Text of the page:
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Re: [avr-gcc-list] >4.5.1 better than this at register-structure (xmega)

From: David Brown
Subject: Re: [avr-gcc-list] >4.5.1 better than this at register-structure (xmega) access?
Date: Thu, 11 Oct 2012 09:15:52 +0200
User-agent: Mozilla/5.0 (Windows NT 5.1; rv:15.0) Gecko/20120907 Thunderbird/15.0.1

On 10/10/2012 23:13, Erik Walthinsen wrote:
On 10/10/2012 01:43 PM, Georg-Johann Lay wrote:
 > Such a bug has never been reported to the GCC bug tracker.
Well then, I guess I need to file one.  I just have no idea how to
actually fix it, and no time to do so at this point ;-(

If nobody found it important enough to file a problem report for over 3
years (4.5 was released early 2009) I'd guess this is simply not an
important issue?
It's not a bug per se but a missing optimization, so it's entirely
possible nobody's cared enough to check.  I'm a) doing some extremely
time-critical ISR routines, and b) trying to actually make use of the
struct convenience.

You should file a "missed optimisation" bug on the issue - then it will not be forgotten or repeated. Missed optimisation bugs don't get as high priority as wrong code bugs, or adding support for new devices, but they /do/ get worked on whenever someone has the time (and can figure out a way to improve the issue). In particular, when there are other changes in the code in related areas, developers look through the list of outstanding bugs to see if there are other issues that could be fixed at the same time.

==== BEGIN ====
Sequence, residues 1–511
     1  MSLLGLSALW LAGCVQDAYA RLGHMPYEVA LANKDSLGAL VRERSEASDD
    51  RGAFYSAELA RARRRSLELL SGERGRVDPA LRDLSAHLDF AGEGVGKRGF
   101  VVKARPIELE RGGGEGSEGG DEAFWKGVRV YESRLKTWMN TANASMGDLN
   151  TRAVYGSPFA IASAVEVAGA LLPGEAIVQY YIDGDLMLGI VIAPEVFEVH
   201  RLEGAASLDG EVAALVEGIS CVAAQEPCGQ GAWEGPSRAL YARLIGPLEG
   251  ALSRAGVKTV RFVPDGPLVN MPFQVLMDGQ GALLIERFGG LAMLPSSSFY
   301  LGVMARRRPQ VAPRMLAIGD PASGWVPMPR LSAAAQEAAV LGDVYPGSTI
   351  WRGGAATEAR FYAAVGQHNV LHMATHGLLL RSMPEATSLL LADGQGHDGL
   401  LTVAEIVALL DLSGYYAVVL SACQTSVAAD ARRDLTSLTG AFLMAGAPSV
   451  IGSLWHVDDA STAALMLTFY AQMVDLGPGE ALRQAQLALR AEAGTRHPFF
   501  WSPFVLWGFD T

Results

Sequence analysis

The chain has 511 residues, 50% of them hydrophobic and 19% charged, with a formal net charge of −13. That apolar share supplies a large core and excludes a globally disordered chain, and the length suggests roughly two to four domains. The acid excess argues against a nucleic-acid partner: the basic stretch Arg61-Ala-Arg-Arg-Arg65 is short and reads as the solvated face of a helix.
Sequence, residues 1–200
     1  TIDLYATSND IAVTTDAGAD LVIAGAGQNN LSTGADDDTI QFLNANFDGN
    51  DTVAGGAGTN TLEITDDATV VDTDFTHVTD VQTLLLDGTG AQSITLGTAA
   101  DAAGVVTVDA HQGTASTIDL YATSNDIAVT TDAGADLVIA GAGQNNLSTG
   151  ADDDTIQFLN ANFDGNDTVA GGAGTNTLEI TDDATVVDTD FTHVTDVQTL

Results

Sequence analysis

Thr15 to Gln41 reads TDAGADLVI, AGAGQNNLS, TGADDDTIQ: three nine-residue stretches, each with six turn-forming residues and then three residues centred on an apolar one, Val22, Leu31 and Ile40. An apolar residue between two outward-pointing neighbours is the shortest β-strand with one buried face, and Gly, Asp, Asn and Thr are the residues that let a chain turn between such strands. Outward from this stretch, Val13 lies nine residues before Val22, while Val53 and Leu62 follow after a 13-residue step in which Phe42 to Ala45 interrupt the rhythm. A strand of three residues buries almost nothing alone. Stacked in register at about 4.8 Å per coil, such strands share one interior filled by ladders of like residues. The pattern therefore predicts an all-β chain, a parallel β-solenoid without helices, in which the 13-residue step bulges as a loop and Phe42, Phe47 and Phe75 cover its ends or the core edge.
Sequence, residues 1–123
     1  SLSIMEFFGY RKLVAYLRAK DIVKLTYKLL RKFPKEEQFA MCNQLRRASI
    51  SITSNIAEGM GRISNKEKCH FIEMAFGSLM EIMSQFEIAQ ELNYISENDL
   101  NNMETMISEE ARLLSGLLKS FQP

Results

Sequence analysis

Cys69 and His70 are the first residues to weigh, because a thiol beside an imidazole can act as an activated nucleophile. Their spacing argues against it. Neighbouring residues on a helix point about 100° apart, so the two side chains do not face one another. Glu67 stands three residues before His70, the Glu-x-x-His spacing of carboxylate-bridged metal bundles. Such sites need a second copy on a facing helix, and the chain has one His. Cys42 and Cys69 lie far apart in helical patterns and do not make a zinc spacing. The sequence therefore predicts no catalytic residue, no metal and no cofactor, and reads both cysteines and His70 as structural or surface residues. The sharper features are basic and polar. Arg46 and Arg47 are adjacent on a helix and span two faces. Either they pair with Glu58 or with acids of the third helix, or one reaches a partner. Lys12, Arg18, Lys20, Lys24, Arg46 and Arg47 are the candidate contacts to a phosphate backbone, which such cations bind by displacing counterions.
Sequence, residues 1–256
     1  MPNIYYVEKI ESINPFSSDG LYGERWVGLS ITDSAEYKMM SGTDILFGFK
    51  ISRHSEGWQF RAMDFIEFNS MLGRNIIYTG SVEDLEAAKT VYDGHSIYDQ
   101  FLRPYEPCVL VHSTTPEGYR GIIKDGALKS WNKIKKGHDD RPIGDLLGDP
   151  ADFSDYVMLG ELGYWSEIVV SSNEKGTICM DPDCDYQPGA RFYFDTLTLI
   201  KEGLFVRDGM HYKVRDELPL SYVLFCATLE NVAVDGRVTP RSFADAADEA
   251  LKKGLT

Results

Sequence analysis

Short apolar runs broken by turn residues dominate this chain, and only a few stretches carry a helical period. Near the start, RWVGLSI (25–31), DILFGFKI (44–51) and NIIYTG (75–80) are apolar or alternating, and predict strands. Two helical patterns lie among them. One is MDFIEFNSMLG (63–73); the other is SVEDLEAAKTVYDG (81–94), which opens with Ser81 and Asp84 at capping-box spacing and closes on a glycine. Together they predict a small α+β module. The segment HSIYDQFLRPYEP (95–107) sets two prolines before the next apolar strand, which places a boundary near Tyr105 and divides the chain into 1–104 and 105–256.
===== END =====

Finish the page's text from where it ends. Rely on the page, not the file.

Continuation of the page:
In this case, the structure Z+offset access is the most space-efficient if you are making three or more accesses to the same structure, and for two accesses it takes the same space and as using the direct access. So using the Z+offset is not faster than direct access.

The exception here is if it is possible to use Z or Z+ modes, which are single-cycle on the XMega.

So ideally, the compiler should use direct access when there are two or less accesses to the same structure, and Z+q for three or more accesses (in -Os) or stick with direct access (in -O2). If it first uses Z+q, then Z should be loaded with the lowest accessed address to allow Z mode for a slight speed gain. And multiple adjacent access can be done using Z+ for faster access.

That's the theory, anyway, as far as I understand it - but I don't know how it could be implemented in practice...

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